Traveler Frequently Asked Questions
Please feel free to review FAQs below or check out our blog for different traveler related topics.
A permanent residence/address is where you maintain your legal ties. Your driver’s license, car registration, voter’s registration, etc., are your legal ties to an area.
A tax home is your regular place of income. However, if you are a traveler who maintains your tax home with duplicated expenses, your permanent residence should be consistent with your tax home location.
Generally, your tax home is “the entire city or general area where your main place of business or work is located, regardless of where you maintain your family home”.
If you are a traveler receiving tax free stipends, the answer is yes! You still need to keep your documentation for your tax home to justify your per diems! In an audit, no documentation could mean a tax liability, so keep those records!
These are maximum daily rates that can be given to an employee without an exchange of receipts. They cover lodging and meals for days an employee is away from home on the business of the employer (also called CONUS and OCONUS rates).
Sorry, it does not exist. Nope! Nada! No basis in IRS code. The “50-mile rule” is an internal company guideline for their own policies or a facility rule for premium pay. They are not based on IRS guidelines. Just because you sleep away from home, does not mean that an assignment 30 miles away qualifies you. It still has to be farther than a normal commute for a local. Maybe 90 min or more?
The IRS can be notoriously vague with their terms. As a result, we have done our best to develop a few concrete suggestions for travelers.
- Spend AROUND 30 days a year at home.
- Do not stay in any one area for more than 12 out of 24 months.
- Do not return to any one area a third year in a row.
- Remember that there are 50 states out there! Go somewhere else!
Understandably, being audited is a significant fear for travelers. While it is true that a traveler has a higher chance of an audit, that is no reason to stay in a boring job!
If you have a solid tax home and keep good paperwork, you should not wind up with any financial damage. Just hassle. If you use TravelTax, there is no charge for audit defense for any return we prepare and file.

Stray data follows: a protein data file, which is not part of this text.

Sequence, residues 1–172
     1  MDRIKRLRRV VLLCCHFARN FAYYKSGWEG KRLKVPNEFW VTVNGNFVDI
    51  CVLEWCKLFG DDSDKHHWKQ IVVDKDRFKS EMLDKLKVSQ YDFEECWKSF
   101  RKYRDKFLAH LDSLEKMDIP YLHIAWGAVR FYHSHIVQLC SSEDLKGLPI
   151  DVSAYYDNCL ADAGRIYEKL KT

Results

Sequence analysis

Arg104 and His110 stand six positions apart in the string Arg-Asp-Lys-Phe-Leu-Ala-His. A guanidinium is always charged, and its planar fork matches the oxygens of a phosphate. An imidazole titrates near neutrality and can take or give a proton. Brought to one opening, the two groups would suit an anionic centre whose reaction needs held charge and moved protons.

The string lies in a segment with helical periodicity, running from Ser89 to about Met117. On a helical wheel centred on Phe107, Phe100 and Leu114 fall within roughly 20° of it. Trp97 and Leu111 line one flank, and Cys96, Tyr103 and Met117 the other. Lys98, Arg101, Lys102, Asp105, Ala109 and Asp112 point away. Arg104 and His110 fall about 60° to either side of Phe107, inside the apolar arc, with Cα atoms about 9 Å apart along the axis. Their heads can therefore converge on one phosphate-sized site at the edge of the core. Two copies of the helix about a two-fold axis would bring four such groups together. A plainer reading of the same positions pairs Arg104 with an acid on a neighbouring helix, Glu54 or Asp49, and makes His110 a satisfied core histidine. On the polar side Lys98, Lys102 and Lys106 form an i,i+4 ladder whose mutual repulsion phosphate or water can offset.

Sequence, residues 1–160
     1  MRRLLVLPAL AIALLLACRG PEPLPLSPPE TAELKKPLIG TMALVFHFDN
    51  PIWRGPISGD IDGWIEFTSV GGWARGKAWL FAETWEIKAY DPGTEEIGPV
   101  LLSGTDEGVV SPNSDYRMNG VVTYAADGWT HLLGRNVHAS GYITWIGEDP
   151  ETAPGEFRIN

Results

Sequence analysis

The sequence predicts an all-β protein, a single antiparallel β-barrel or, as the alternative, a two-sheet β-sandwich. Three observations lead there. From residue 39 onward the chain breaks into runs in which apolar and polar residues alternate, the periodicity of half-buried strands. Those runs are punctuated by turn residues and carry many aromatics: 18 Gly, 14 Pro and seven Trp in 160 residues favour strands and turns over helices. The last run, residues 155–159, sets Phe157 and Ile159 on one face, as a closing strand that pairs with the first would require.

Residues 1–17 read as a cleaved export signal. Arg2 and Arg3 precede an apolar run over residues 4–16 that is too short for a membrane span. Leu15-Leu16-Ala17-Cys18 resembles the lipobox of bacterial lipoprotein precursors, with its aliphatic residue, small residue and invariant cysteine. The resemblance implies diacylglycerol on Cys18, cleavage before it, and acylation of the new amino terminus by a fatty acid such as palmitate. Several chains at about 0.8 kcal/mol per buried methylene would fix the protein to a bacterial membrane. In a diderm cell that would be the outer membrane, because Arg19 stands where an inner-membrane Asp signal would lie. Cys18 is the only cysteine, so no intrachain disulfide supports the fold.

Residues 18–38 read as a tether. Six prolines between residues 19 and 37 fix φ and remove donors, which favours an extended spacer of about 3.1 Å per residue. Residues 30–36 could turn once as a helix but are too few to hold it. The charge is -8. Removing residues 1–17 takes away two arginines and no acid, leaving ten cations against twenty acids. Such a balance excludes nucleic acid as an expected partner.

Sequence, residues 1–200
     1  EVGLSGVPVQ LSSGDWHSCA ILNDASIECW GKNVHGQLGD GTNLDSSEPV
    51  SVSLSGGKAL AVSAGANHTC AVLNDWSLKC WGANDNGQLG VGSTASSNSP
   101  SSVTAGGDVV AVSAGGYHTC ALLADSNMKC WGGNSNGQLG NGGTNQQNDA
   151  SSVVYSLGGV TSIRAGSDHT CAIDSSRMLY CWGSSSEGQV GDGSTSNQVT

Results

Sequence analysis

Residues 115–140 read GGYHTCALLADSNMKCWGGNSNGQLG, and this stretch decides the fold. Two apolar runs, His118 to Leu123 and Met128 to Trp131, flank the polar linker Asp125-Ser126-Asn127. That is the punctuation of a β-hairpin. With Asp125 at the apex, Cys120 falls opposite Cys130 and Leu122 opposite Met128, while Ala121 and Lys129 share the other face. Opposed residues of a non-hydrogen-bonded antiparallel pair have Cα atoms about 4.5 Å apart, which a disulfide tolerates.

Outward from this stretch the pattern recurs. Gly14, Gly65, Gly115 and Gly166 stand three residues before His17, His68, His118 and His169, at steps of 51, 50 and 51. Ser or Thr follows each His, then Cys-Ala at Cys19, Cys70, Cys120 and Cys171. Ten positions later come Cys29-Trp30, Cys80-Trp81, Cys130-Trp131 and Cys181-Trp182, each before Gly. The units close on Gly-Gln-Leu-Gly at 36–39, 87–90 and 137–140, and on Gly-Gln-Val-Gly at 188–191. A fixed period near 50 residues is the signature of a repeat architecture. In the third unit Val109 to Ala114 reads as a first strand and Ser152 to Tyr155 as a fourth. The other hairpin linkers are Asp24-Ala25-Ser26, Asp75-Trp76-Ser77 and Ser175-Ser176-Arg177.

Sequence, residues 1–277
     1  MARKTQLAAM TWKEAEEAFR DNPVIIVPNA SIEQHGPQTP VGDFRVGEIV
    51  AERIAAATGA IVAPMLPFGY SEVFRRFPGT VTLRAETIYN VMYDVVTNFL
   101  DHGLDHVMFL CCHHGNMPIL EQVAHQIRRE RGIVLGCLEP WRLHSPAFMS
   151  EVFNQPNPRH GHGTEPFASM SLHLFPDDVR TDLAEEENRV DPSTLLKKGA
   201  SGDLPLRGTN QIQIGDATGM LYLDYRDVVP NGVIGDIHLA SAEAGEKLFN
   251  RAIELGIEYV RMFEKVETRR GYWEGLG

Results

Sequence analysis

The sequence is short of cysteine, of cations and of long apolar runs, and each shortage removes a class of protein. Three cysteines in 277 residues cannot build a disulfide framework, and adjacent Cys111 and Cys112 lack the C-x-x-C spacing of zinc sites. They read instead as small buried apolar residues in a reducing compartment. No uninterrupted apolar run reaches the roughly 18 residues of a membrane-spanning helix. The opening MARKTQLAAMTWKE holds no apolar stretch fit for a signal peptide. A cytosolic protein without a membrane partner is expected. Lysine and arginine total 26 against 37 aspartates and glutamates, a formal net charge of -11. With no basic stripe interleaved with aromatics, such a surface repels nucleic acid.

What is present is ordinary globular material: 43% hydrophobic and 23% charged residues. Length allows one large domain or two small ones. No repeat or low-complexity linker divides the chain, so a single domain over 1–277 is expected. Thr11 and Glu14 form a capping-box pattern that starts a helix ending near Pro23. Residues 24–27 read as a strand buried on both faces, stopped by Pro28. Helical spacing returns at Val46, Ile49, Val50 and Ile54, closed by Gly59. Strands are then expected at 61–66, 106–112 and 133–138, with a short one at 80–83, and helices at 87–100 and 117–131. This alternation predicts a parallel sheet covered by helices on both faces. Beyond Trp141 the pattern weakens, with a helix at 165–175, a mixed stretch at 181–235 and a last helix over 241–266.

As a company, we suggest that the goal is to go to your tax home 30 days a year or 60 days every 2 years. These 30 days do not have to be consecutive. Otherwise you would be considered as having abandoned your tax home.
Keep your records for a minimum of 7 years!
One item many travelers fail to keep is contracts. Every traveler needs to keep copies of their travel contracts! In case of an audit, it is their only proof that they really had a temporary assignment and get to keep all of those per diems as tax-free. You may also send a copy of your travel contracts to us throughout the year or when you file your taxes with us, via our secure Client Portal for additional record keeping.
The website for the GSA rates is a site that allows you to look up all current rates in every city. Occasionally you may run into a company that uses the High-Low Substantiation rates. These are GSA rates that are averaged into two categories. They are not published on the GSA site but issued as a PDF annually. If you Google the term, you will be able to get the current version.
States with no income tax: Alaska, Florida, Nevada, New Hampshire, South Dakota, Tennessee, Texas, Washington, Wyoming. Also, Washington, D.C. is tax-free for a non-resident and the US Virgin Islands only has a federal tax.
Highest income tax states: These are harder to evaluate, as what is taxed can flip-flop based on the different brackets and rates. But according to our own experience with travelers the top ten usually are: California, Montana, Maryland, Maine, Minnesota, Utah, Oregon, Wisconsin, New York, North Carolina, and Hawaii. (No particular order)
A tax home consult is NOT to prepare your taxes!
The tax home consult was developed to meet the needs of travelers who want to make sure they are maintaining their tax home. Remember that tax home issues can create a major tax liability if not handled correctly.
US tax home clients: After paying fee below schedule your tax home consult via online scheduler
International/Canadian tax home clients: After paying the fee below, please call us to schedule your tax home consult and do not schedule online. This is to ensure your appointment is scheduled with the correct person.
Please be aware:
- If no payment has been made prior to tax home consult appointment, your appointment will be canceled.
- If you make a payment under a different name, please let us know to avoid your tax home consult being canceled.
- If you must cancel your tax home consult appointment, please do so with a 48-hour notice and let us know so we can refund you.
- If your tax home consult is not canceled 48 hours prior to appointment, the tax home consult fee is nonrefundable.
- We appreciate every one of you and will do our best to accommodate you!
- The tax home consultant will call you!